Our data suggest that there is some selective pressure for the establishment and maintenance of bacterial populations resistant to multiple antimicrobial compounds within this region. The high proportion of isolates that were classified as MDR (36.7%), in a sample population not selected for resistance underscores this point, although some bias may have resulted from recent antibiotic use by the participants (no participant medical histories were available for most samples). Specific to Kenya, widespread use of tetracycline in livestock production [43], use of SXT and chloramphenicol as first line therapeutics for typhoid [2,44], and prophylactic use of SXT in persons exposed to or infected with HIV [45] may have contributed to the high prevalence of resistance to these compounds. These results are in line with other studies in East Africa showing similar rates of resistance and carriage of AMR genes [46,47,48]. On the other hand, while ciprofloxacin and third generation cephalosporins are widely distributed in Kenya [49,50,51,52], their high costs limit their use [53,54,55,56]. Thus, it was not surprising that only a small percentage of the tested population was resistant to fluoroquinolones or third/fourth generation cephalosporins, with a correspondingly low number of isolates positive for genes conferring resistance to these compounds. Similarly, carbapenem resistance was observed in only three isolates, and none of the 15 carbapenemase genes on the ARDM v.2 were identified here, including those detected in previous studies of the region where higher carbapenem resistance was observed (e.g., blaOXA-48, blaVIM, blaNDM, blaIMP, blaKPC) [57,58,59]. Differences in the current dataset and those of other studies in East Africa may simply reflect the particular species studied (e.g., E. coli, Klebsiella spp.), age and medical histories of participants, or the sample sources (e.g., urine, blood, stool). Alternatively, our results may suggest that availability and use of carbapenems are lower in Kenya than elsewhere in the region [60].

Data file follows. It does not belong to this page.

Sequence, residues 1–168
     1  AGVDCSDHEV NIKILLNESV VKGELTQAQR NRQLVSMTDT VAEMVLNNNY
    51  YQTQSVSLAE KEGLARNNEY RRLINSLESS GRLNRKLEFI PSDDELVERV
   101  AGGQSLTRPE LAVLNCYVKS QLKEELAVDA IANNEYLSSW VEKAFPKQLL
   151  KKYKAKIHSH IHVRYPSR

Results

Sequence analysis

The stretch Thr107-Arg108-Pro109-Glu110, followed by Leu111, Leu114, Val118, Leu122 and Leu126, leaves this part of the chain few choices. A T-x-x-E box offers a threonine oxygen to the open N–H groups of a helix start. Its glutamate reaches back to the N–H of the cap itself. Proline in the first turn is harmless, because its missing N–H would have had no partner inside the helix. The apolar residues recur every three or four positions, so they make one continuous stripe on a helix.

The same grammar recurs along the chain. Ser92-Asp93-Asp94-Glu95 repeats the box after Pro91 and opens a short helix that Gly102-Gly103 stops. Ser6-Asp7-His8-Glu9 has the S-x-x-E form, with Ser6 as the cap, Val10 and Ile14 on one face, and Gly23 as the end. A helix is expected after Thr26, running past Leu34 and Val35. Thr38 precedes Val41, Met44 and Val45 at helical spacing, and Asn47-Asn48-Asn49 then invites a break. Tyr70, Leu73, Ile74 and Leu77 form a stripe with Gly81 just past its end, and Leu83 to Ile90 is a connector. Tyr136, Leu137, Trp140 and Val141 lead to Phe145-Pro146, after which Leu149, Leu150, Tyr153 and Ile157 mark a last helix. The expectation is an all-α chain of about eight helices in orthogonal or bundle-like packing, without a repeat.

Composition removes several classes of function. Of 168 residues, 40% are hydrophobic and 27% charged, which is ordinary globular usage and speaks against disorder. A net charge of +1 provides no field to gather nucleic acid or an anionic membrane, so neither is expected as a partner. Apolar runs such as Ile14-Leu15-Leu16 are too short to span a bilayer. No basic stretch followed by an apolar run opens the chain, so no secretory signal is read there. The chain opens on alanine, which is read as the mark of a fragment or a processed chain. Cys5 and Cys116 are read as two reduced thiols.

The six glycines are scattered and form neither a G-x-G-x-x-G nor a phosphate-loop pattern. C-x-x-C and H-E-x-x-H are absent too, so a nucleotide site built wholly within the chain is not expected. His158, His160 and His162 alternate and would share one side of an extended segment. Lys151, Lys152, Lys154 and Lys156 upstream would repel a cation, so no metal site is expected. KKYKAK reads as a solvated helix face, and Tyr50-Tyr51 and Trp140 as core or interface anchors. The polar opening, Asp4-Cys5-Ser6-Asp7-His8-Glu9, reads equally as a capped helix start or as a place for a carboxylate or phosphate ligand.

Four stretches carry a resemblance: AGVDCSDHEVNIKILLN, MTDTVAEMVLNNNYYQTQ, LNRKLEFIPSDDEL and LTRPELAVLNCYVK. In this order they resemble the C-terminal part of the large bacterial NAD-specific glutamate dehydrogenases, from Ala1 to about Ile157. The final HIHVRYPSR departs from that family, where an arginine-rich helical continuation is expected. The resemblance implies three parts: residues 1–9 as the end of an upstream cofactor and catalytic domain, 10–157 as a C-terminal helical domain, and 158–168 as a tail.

A large number of K. pneumoniae strains hybridized to the mac(A) and mac(B) probes derived from E. coli genes, although isolates carrying variants from both species were also identified (S2 Table). Interestingly, the presence of E. coli-derived mac(A)/mac(B) genes was also correlated with the presence of sequences hybridizing to an E. coli-derived cmr gene (P <0.0001), which is only ~80% identical to the Klebsiella spp. homolog. BLAST searches of the E. coli-derived mac(AB) sequences indicated that these sequences have not previously been documented in any klebsiellae.

The breadth of genes on the microarray allowed us to detect multiple classes of resistance determinants, which may suggest the presence of integrons and/or plasmids associated with AMR. Strain MHK02590, isolated at Mbagathi District Hospital in Nairobi, was resistant to all tested antimicrobials except carbapenems and harbored 21 resistance determinants. Interestingly, Kariuki and colleagues [61] recently isolated an IncHI2 plasmid, pKST313, from a Kenyan Salmonella typhimurium carrying 11 of these determinants. While we did not attempt to confirm the presence of pKST313 in strain MHK02590, isolation of this strain within the Nairobi metropolitan area where pKST313 was first identified suggests that this plasmid may be circulating within this urban setting.